RE: Is compaction more than 100% in soil acceptable or not?

I would ask, "100% of what" There are different tests for maximum density; none give an "absolute" answer, but are relative to the energy applied. You are not alone....MANY people thing 100% density is a absolute maximum number; it is not.

RE: Is compaction more than 100% in soil acceptable or not?

Proctors on dead sand are a pain but cheaper than min/max density needed for relative density. Depending on how clean the sand is min/max maybe required if you're required to follow the astm (D698/1557).

For field testing I'd go with sand cone or nuclear guage... gauge will be best on a larger site.

To tack on to Bigh and oldest, use common sense...

Think about the test method versus the magnitude of compaction. Sub 105% is normal but most jobs will have numerous soils that don't fit just one curve

RE: Is compaction more than 100% in soil acceptable or not?

>The sand was already tested in laboratory and the result is MDD=1.75gm/cc & OMC=9.70

Is this the Maximum Dry Density or is it the Standard Proctor Maximum Dry Density? If it's the Standard Proctor Maximum dry density and you're driving loaded 797 haul trucks over it (extreme example), the SPMDD might not be appropriate. In theory there's a family of curves for dry denstiy and moisture content for a given soil where with higher energy the curve drifts up and to the left (higher peak dry density and lower OMC).

It could be that the compactive effort being applied is substantially higher than the test used to get the MDD.

It could be a change of material and a new proctor is needed.

At any rate, I suspect if you've made a fuss about it the person recording the test results will in future never report any values over 100% and simply revise them downards because doing otherwise might result in some angry engineer breathing down his neck and making life difficult.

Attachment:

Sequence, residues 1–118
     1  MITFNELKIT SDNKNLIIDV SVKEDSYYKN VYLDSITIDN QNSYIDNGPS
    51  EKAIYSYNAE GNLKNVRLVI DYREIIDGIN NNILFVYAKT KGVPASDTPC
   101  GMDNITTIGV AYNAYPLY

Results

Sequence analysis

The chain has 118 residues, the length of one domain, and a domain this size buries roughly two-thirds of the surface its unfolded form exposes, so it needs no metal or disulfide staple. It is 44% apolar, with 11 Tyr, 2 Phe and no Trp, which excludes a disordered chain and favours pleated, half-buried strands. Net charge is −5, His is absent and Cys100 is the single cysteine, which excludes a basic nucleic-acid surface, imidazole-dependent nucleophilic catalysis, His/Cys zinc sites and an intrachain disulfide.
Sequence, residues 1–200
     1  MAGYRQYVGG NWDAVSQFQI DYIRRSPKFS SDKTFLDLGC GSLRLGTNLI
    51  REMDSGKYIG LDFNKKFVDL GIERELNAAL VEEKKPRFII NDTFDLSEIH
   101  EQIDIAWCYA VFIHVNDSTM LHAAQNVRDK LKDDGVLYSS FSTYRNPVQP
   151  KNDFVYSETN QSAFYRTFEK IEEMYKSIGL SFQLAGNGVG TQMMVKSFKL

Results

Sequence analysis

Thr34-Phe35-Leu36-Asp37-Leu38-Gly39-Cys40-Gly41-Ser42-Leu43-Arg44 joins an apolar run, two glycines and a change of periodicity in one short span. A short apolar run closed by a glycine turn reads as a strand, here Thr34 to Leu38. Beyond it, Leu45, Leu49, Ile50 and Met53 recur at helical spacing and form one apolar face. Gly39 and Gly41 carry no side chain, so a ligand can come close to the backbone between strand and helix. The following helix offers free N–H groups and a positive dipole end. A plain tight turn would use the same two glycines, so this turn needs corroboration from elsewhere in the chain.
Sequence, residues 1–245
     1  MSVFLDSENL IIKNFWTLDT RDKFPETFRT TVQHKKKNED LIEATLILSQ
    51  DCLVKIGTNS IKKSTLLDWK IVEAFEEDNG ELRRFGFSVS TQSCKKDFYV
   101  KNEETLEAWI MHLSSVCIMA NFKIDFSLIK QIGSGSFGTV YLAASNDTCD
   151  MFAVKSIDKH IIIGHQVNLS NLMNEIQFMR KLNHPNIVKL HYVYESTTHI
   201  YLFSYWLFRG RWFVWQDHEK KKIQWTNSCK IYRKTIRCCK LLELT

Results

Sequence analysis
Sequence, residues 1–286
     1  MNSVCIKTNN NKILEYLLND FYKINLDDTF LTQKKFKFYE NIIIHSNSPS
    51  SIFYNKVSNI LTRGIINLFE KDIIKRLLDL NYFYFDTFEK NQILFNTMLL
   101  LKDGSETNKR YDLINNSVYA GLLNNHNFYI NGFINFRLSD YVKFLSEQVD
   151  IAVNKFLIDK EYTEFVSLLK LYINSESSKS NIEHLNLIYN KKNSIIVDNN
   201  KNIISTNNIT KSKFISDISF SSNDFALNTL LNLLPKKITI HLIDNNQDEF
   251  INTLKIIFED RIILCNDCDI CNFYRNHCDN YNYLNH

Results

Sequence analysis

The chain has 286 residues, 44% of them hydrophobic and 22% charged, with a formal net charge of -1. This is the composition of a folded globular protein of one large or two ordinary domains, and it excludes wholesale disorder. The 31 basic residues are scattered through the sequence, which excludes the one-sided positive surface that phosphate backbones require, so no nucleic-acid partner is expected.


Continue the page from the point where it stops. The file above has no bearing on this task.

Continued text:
RE: Is compaction more than 100% in soil acceptable or not?

Quote ( )

On working site in situ we are doing compaction of river sand layer by 10MT Vibro roller and carrying out compaction test by core cutter method

core cutter method is not appropriate for sand, especially where it is on the dry side and is typically used for clay. suggest using nuke gage and a sand cone for every 10 gage tests

Red Flag This Post

Please let us know here why this post is inappropriate. Reasons such as off-topic, duplicates, flames, illegal, vulgar, or students posting their homework.

Red Flag Submitted

Thank you for helping keep Eng-Tips Forums free from inappropriate posts.
The Eng-Tips staff will check this out and take appropriate action.

Reply To This Thread

Posting in the Eng-Tips forums is a member-only feature.

Click Here to join Eng-Tips and talk with other members! Already a Member? Login


Resources

Solutions Brief - Protecting and Rescuing On-Ground Personnel
Keeping our warfighters safe and delivering them a competitive advantage is a key goal of departments of defense around the world. It’s a goal shared by embedded computing manufacturers like Abaco: we never forget who we serve.This case study describes how a major international contractor integrated an Abaco single board computer at the heart of its CAS/CSAR solution. Download Now
Datasheet - Top Enhancements Creo 7.0
PTC's Creo 7.0 has breakthrough innovations in the areas of generative design, real-time simulation, multibody design, additive manufacturing, and more! With Creo 7.0, you will be able to design the most innovative products faster than ever before, keeping you on the cutting edge of product design and ahead of your competition. Download Now

Close Box

Join Eng-Tips® Today!

Join your peers on the Internet's largest technical engineering professional community.
It's easy to join and it's free.

Here's Why Members Love Eng-Tips Forums:

Register now while it's still free!

Already a member? Close this window and log in.

Join Us             Close